Seigo Hira

Osaka Medical College, Takatuki, Ōsaka, Japan

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Publications (4)10.47 Total impact

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    ABSTRACT: The presence of microorganisms in gastric fluid in neonates at birth is postulated to reflect antenatal infection and also to be associated with the development of bronchopulmonary dysplasia (BPD). A logistic regression analysis, after controlling for other risk factors, indicated that Ureaplasma-positive infants were not at increased risk for moderate/severe BPD (adjusted odds ratio (OR): 2.58, 95% confidence interval (CI): 0.57-6.89, P = 0.12). However, the association between the presence of Ureaplasma species and the risk for moderate/severe BPD increased significantly in infants on mechanical ventilation (MV) ≥2 wk (adjusted OR: 4.17, 95% CI: 1.62-44.1, P = 0.009). An analysis using a lung injury marker indicated that Ureaplasma-positive infants with MV ≥2 wk, but not other infants, showed higher serum KL-6 levels in samples taken from cord blood, and that KL-6 levels increased time-dependently up to 4 wk of age. Antenatal exposure to Ureaplasma species induces lung injury prior to birth and synergistically contributes to the development of BPD in infants requiring prolonged MV (≥2 wk). We recovered gastric fluid specimens from 122 infants with gestational age (GA) <29 wk or birth weight <1,000 g to investigate whether these microorganisms influence respiratory outcome of BPD. A PCR analysis was used to detect urease and 16S ribosomal RNA (rRNA) genes to classify neonates into Ureaplasma-positive or Ureaplasma-negative infants.
    Pediatric Research 03/2012; 71(3):267-73. DOI:10.1038/pr.2011.47 · 2.31 Impact Factor
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    ABSTRACT: We report a neonatal infection with Streptococcus dysgalactiae subsp. equisimilis occurring through maternal transmission and presenting as streptococcal toxic shock syndrome 12 hours after birth. Pediatricians and obstetricians should be aware of the possibility of this infectious disease when examining newborns with fever. These observations suggest that antenatal maternal screening for S. dysgalactiae subsp. equisimilis should be considered.
    The Pediatric Infectious Disease Journal 10/2010; 29(10):979-81. DOI:10.1097/INF.0b013e3181e5292f · 2.72 Impact Factor
  • S Oue · M Hiroi · S Ogawa · S Hira · M Hasegawa · S Yamaoka · M Yasui · H Tamai · T Ogihara ·
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    ABSTRACT: Gastric fluid microbes were examined in preterm infants at birth to assess their influence on the postnatal outcome. Prospective cohort study. Level III neonatal intensive care unit. A total of 103 premature neonates with a gestational age of less than 32 weeks. Gastric fluid microbes were identified by analysis of bacterial 16S ribosomal RNA gene. Additionally, the urease gene of Ureaplasma species was detected by polymerase chain reaction of gastric fluid obtained at birth and/or tracheal aspirate from ventilated preterm infants. The association between detection of microbes and bronchopulmonary dysplasia was investigated through assessment from clinical features and by a lung injury marker (KL-6). Forty-two of 103 gastric fluid specimens were positive for microbes. Ureaplasma species were detected in 23 of the 42 (55%) gastric fluid specimens. All infants with Ureaplasma species in tracheal aspirate fluid also had positive gastric fluid specimens. Compared to infants negative for gastric fluid microbes, infants positive for microbes had higher rates of maternal chorioamnionitis (18% vs 78%), premature rupture of membranes (11% vs 55%), severe bronchopulmonary dysplasia (1.6% vs 14%) and showed higher plasma KL-6 levels during the initial 4 weeks of life. Detection of gastric fluid microbes was correlated well with antenatal infection and severe bronchopulmonary dysplasia. Detection of Ureaplasma species in gastric fluid was associated with subsequent respiratory colonisation. These results suggest that antenatal exposure of the immature fetus to microbes may cause lung injury and promote the onset of bronchopulmonary dysplasia.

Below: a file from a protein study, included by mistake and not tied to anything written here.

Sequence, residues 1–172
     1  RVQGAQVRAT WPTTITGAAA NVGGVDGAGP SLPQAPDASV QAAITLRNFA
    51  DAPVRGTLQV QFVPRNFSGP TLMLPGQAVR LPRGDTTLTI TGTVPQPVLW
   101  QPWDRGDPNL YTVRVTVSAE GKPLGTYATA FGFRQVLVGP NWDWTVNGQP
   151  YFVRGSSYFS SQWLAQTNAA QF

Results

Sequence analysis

Archives of Disease in Childhood - Fetal and Neonatal Edition 09/2008; 94(1):F17-22. DOI:10.1136/adc.2008.138321 · 3.12 Impact Factor
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    ABSTRACT: Circulating KL-6 is a specific indicator of pulmonary injury affecting the alveolar epithelium and interstitium. Our preliminary study suggested the usefulness of plasma KL-6 as a marker of bronchopulmonary dysplasia (BPD). To confirm the diagnostic value of KL-6 for BPD as well as to determine the reference range, we conducted a larger prospective study in 135 preterm infants <32 wk GA. Among the infants without oxygen dependence at a postconceptional age of 36 wk, the plasma KL-6 level showed no significant association with GA at any time. Among 42 infants <28 wk GA, plasma KL-6 levels were significantly higher in those with moderate/severe BPD compared with those with no/mild BPD. A plasma level of 199 U/mL at 1 wk or 232 U/mL at 2 wk was an excellent predictor of moderate/severe BPD <28 wk GA (positive predictive value of 83% and 80%, respectively). Unlike nonspecific markers of inflammation or fibrosis, KL-6 objectively reflects the severity of pulmonary injury irrespective of the treatment or the radiographic changes. Therefore, not only as a good marker, measurement of KL-6 may also help to provide new insights into the pathogenesis of BPD.
    Pediatric Research 11/2006; 60(5):613-8. DOI:10.1203/01.pdr.0000242361.47408.51 · 2.31 Impact Factor